On the first day of legalization across Canada on Oct. 17, Thomas H. Clarke predicted his store in Portugal Cove, Newfoundland would run out of product by Friday. He ended up running out on Wednesday afternoon, the very same day cannabis was legalized.
Newfoundland and Labrador is Canada’s easternmost province, with its own time zone a half-hour ahead of mainland Canada. It was the first province to open for business as 12:01 a.m. struck on Oct. 17, heralding the beginning of legal cannabis in Canada.
After opening up as one of the first stores to sell cannabis legally, Clarke’s THC Distribution ran out of product just after 4 p.m. on Oct. 17. “It’s very bad news in my eyes. I ran out at 4:20 today, believe it or not,” Clarke told CBC News.
“I’m a little shocked that I sold out so fast, and also very upset that I don’t have product for everybody. I’m letting down a lot of people here and I was assured that if I paid for the cannabis I would receive it.”
Clarke said he only received $10,000 worth of a $70,000 order from his supplier, adding he doesn’t know why his order was short, why there is a delay or how long it’ll take to get restocked. He gets his cannabis from suppliers such as Canopy Growth.
“I pray that something gets shipped to me overnight so I’ll have some product for tomorrow,” he told CBC. “If I don’t get any product I’m going to keep the shop closed and spend a couple of days with my family.”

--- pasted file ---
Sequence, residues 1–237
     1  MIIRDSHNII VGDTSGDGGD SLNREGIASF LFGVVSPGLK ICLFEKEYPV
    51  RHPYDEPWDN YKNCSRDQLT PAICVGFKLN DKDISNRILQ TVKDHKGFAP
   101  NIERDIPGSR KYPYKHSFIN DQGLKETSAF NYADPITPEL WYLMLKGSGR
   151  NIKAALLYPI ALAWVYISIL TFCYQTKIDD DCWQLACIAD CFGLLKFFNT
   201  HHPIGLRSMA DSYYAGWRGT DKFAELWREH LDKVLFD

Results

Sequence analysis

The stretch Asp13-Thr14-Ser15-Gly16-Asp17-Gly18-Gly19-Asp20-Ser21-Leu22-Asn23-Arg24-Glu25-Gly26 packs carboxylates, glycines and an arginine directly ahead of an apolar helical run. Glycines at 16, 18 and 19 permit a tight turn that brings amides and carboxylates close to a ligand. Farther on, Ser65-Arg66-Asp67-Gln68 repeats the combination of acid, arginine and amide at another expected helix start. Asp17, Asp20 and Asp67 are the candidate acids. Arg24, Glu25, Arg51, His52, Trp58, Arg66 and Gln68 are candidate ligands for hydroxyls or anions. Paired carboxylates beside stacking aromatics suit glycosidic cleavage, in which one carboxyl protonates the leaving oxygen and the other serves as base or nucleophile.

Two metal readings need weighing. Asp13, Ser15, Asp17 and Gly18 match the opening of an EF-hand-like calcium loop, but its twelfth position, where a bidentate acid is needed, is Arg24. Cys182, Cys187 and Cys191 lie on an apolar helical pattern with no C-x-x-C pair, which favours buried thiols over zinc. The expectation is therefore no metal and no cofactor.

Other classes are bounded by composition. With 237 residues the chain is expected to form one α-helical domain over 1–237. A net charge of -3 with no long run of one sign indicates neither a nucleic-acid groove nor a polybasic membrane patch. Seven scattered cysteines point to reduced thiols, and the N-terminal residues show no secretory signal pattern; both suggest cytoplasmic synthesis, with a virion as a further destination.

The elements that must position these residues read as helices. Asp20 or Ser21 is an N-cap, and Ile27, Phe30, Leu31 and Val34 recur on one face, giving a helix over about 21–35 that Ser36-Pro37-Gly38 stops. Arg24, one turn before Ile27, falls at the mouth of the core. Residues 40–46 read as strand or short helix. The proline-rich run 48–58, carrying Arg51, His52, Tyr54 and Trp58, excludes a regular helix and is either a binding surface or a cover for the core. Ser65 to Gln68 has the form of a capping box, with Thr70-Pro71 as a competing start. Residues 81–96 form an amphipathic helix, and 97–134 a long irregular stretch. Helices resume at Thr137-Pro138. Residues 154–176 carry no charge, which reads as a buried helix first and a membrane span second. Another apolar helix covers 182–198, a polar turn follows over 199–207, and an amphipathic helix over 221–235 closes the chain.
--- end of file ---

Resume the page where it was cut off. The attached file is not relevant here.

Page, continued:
The Newfoundland and Labrador Liquor Corporation (NLC), the corporation responsible for cannabis regulation, told CBC that the issue goes beyond available product.
Evidently Health Canada declared one supplier’s crop unfit, and has yet to approve another supplier’s packaging for product that is otherwise ready to ship. Cannabis producers are doing their best to keep up with demand, but they can’t make marijuana plants grow any faster, an NLC spokesperson said.
But the Tweed cannabis store on Water Street in downtown St. John’s, Newfoundland, which is owned by Canopy Growth, confirmed to the CBC that they are doing fine with their cannabis supply, and are still welcoming shoppers to the store.
Tweed opened its doors to much fanfare as the “first” store to make a legal cannabis sale at 12:01 on Oct. 17, and Canopy Growth CEO Bruce Linton was on hand to pose with the first customers to buy legal weed under the new Canadian law.
Meanwhile, across the island, stores like Clarke’s are having to shut down while they await the next shipment of cannabis from suppliers like Canopy.
Is Canopy Growth employing anti-competitive business practices in Newfoundland? High Times is following the situation closely. Stay tuned for updates on legal cannabis from “The Rock.”
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